Scintillon Institute Investigator Awarded NIH R35 Early-Career Grant

Metabolism or the set of life-sustaining chemical reactions defines the very wellbeing of humans. But can we better understand how cellular metabolism goes awry in various human diseases? The National Institute of General Medical Sciences just granted Scintillon’s Dr. Valentin Cracan $2.4 million to find out more!


The National Institute of General Medical Sciences (NIGMS) has recognized Dr. Valentin Cracan as one of the nation’s highly talented and promising scientists to receive a Maximizing Investigators’ Research Award for Early-Stage Investigators (R35 MIRA-ESI).  This grant provides about $2.4 million over five years to support the ongoing work at the Cracan’s lab that has received a number of NIH grants already since it was established about 3 years ago. We spoke with Valentin as we were interested in his research in the context of his new, special grant. 



Valentin received his undergraduate degree in Biology and Biochemistry from the Moldova State University in the Republic of Moldova in 2005 and his Ph.D. in Biological Chemistry from University of Michigan in 2012, where he studied the intracellular pathway for trafficking of vitamin B12 (cobalamin) in the laboratory of Professor Ruma Banerjee.  While in graduate school, Valentin significantly contributed to our understanding of vitamin B12-dependent cell metabolism. In 2012, he joined the laboratory of Professor Vamsi Mootha at the Massachusetts General Hospital and Harvard Medical School. There, he obtained further training in studying mitochondria, the energy factories of our cells and major hubs of cellular metabolism. In the winter of 2018, Valentin joined the Scintillon Institute faculty as an Assistant Professor.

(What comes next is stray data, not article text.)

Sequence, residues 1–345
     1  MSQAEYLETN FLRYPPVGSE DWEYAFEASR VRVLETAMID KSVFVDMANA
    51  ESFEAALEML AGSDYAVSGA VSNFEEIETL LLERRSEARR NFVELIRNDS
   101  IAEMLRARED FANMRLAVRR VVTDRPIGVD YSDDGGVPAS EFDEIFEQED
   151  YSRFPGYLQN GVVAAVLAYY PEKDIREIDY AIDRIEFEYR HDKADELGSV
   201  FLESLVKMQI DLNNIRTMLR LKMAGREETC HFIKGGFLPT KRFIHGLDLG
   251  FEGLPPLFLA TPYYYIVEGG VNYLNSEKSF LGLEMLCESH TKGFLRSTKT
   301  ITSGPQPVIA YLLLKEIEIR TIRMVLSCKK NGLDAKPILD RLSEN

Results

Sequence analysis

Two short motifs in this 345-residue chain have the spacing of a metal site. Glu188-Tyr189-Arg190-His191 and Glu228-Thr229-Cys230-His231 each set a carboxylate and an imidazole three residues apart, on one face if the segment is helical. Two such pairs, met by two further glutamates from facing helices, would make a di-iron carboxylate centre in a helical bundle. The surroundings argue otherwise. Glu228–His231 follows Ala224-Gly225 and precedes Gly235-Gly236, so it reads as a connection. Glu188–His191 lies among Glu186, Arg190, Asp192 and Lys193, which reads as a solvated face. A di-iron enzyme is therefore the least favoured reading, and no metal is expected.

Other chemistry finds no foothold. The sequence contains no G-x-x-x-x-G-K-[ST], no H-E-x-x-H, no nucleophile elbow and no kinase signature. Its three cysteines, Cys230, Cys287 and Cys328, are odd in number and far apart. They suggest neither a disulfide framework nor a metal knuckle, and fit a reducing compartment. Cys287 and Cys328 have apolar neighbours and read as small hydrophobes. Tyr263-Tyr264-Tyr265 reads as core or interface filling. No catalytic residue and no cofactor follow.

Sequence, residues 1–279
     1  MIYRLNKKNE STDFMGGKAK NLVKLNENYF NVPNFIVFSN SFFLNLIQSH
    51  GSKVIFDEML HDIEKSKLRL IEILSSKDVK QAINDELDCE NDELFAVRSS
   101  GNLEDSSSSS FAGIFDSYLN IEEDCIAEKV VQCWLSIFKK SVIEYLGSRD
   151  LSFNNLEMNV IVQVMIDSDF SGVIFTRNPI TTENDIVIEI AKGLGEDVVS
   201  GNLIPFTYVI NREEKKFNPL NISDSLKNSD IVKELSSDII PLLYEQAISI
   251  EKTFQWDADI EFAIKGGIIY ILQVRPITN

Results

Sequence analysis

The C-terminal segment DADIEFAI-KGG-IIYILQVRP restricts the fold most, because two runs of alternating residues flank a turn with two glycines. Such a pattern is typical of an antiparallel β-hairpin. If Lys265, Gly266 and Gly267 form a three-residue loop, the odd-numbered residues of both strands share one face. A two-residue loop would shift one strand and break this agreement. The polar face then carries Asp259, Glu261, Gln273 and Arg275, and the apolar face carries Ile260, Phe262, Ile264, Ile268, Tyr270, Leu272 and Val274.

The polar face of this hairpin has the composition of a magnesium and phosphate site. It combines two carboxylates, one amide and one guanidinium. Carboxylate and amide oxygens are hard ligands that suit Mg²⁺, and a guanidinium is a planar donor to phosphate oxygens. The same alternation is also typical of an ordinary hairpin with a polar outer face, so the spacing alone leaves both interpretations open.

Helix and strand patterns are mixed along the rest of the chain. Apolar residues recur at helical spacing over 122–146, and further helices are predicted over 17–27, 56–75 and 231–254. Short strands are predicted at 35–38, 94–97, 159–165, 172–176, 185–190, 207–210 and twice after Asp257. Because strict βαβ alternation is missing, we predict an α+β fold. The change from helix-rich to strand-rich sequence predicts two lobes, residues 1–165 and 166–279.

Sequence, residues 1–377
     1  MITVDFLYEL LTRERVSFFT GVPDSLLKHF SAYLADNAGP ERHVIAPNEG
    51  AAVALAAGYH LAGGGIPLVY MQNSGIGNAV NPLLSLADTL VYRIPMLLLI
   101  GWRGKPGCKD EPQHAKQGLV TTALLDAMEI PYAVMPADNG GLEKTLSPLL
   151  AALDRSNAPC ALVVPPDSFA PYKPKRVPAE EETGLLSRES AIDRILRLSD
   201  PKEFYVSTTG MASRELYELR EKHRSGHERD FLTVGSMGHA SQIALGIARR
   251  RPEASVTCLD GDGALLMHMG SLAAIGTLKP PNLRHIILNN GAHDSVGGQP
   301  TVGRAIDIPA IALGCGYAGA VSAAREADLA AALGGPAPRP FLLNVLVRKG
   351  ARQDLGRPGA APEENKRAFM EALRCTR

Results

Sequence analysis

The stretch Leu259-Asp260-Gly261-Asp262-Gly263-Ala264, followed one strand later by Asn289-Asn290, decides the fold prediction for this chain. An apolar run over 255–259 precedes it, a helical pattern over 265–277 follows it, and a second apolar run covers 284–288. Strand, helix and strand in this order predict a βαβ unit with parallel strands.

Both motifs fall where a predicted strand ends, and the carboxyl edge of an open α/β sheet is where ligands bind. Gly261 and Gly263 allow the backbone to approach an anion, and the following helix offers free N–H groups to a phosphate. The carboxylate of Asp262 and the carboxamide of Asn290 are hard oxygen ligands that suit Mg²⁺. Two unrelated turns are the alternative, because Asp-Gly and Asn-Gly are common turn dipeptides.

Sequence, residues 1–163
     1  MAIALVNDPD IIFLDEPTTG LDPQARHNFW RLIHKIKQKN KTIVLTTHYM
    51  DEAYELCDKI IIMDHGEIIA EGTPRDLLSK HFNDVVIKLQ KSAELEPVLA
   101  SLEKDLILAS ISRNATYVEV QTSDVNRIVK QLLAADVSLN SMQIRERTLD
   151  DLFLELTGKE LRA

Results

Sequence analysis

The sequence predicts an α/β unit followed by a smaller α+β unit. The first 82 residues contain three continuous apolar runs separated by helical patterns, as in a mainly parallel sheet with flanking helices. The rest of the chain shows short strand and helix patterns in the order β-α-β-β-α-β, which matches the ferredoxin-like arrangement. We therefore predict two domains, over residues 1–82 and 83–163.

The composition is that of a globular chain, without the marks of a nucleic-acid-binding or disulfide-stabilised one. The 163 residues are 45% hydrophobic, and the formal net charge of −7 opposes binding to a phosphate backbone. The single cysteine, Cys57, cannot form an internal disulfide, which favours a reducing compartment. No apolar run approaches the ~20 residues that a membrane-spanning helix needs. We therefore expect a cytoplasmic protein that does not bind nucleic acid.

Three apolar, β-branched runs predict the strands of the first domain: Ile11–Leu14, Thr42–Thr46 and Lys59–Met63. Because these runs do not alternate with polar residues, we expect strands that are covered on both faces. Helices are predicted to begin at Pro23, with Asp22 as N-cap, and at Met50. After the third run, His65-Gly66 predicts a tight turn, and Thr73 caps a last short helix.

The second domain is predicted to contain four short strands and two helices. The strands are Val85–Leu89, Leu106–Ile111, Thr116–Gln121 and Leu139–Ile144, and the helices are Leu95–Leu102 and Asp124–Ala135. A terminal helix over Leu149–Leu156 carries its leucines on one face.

“We are broadly interested in the role of redox (reduction-oxidization) metabolism both under normal wellbeing and in human diseases”, says Valentin. “Comparing to more conventional grant awards, our MIRA award allows us more freedom to explore frontier fields like ours. With it we can develop innovative and difficult to build biochemical tools that should ultimately contribute to understanding how molecular metabolism is dysregulated in non-communicable diseases, such as cancer, neurodegeneration and the aging process itself”.



All forms of life require an uninterrupted flow of reducing equivalents, a process that can be compared to electricity that flows through various circuits. In order to control this flow, Nature implements special redox “currencies” that can both store and donate electrons. These redox “currencies” are called nicotinamide adenine dinucleotide (NAD+) and nicotinamide adenine dinucleotide phosphate (NADP+).


“In our laboratory we are developing “molecular rheostats” (a rheostat is a device that controls a current by adjusting the resistance) that can precisely control “the current” that flows through both NAD+ and NADP+ powered circuits”. “Our methodology is very different from previous approaches, which focused only on strategies that boost total levels of the NAD+ “currency” without also carefully considering the role of redox reactions where both NAD+ and NADP+ are involved”, he adds. 



“Valentin is an outstanding scientist, highly innovative and productive, who can use his innovative tools to unlock key secrets of the biology of aging,” says Scintillon Institute President Jiwu Wang, PhD. “Tool building has been a proud tradition of our young institute. We are all very happy to see that Valentin, still an early-stage investigator as recognized by this prestigious MIRA-ESI award, was already able to recruit some of the world’s leading laboratories in the aging field as his collaborators. Together they will help us at Scintillon’s Aging Research Center to better understand the role of redox metabolism in the context of aging-associated metabolic changes.”


“I am always inspired by biographies of famous scientists and physicians. It is sometimes incredible to read their life stories, the hardships they had to overcome in search for discoveries and cures. We are so used nowadays to modern technologies, especially when it comes to genomics, metabolomics and other “omics” approaches and it is always fascinating to learn about fundamental breakthroughs of the past in basic science and medicine, all done in very modest experimental or clinical settings”, Valentin says.


“Our “molecular rheostats”, when expressed in different cellular compartments or tissues of model organisms, will allow us to establish a pipeline of discovery that will help our laboratory and others to go beyond the current understanding of NAD+-consuming reactions and identify other redox pathways that will undoubtedly contribute to our understanding and mitigating aging”, says Valentin.

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  • Rhianna Basore
    published this page in News 2021-08-30 15:56:18 -0700